Making the transition from high school to college football isn’t easy for any player. It takes time.
Ale Kaho had less time than most players.
“When I first came here, it was hard to adjust,” he said after the SEC championship on Dec. 1. “I was new, I had to get used to everyone.”
Kaho’s first day of practice at Alabama was on Aug. 11, during the Crimson Tide’s eighth practice. He wasn’t able to put full pads on until Aug. 15, just two-and-a-half weeks before the season opened against Louisville.
That didn’t stop him from being one of just two true freshmen defensive players to participate in all 13 games this year. Kaho has 10 tackles and a fumble recovery, playing mostly on special teams. He was named special teams player of the week twice for his performances against LSU and Mississippi State. He was also one of four players named the special teams player of the year at Alabama’s award banquet last week.
He hasn’t played a major role at inside linebacker on defense. Sophomore Dylan Moses and junior Mack Wilson have been Alabama’s workhorses there. But he’s been learning. He’s been especially close to Moses, whom he called “the best linebacker in the country.” Kaho is often behind Moses in walk-throughs and in meetings, absorbing what he can.
“I’ve just learned so much, mentally and physically from this coaching staff and the best players in the country,” he said.
That hasn’t always been easy. Kaho was a highly-touted recruit, ranked as the No. 7 inside linebacker and the No. 133 overall player in the class of 2018 by the 247Sports Composite. But many of his Alabama teammates were also highly regarded.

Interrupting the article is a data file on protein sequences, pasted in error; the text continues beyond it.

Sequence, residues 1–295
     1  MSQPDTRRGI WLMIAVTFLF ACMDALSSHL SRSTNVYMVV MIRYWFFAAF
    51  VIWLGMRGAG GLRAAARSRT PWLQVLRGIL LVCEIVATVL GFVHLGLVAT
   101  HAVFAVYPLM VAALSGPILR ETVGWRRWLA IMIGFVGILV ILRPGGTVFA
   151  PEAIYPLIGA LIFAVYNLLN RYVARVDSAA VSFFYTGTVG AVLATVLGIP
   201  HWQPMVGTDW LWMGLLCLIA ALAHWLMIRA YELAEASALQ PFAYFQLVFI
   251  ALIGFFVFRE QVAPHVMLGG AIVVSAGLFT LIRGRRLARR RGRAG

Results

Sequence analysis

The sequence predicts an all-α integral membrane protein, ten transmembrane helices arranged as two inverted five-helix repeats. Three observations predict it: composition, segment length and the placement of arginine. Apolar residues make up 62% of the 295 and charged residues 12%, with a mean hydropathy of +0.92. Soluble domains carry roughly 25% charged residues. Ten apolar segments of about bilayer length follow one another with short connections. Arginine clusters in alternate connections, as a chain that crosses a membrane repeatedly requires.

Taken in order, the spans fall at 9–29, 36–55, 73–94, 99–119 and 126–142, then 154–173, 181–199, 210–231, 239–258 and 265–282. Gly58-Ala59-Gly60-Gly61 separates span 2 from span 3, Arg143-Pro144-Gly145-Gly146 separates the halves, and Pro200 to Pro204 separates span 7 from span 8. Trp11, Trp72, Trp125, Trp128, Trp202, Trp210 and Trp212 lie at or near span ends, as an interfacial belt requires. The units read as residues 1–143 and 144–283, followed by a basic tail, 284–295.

There were returning players with years of experience. Early enrollees had been at Alabama for spring practice. Even the freshmen who arrived in July were ahead of him.
“I’m still in the process of catching up,” Kaho said. “I’m just taking it step by step, I’m not trying to rush it. I just talk to the older guys whenever I get frustrated, for advice or anything.”
His late arrival came after he initially signed with Washington, but was granted a release by the Huskies in August. Coach Nick Saban said when Kaho arrived that he was unable to be admitted to Washington for academic reasons, though he was an NCAA qualifier. Alabama had recruited Kaho previously, then reached out again after he was granted his release.
Kaho didn’t discuss specifics about his decision to leave Washington.
“Just some personal stuff that went down,” Kaho said. “This was the next school that gave me an opportunity, so I took it.”
The move has paid off for him so far, he said. The SEC championship was one of his goals when he began the season.
“The next step is to win the bowl game and to win a national championship,” he said.
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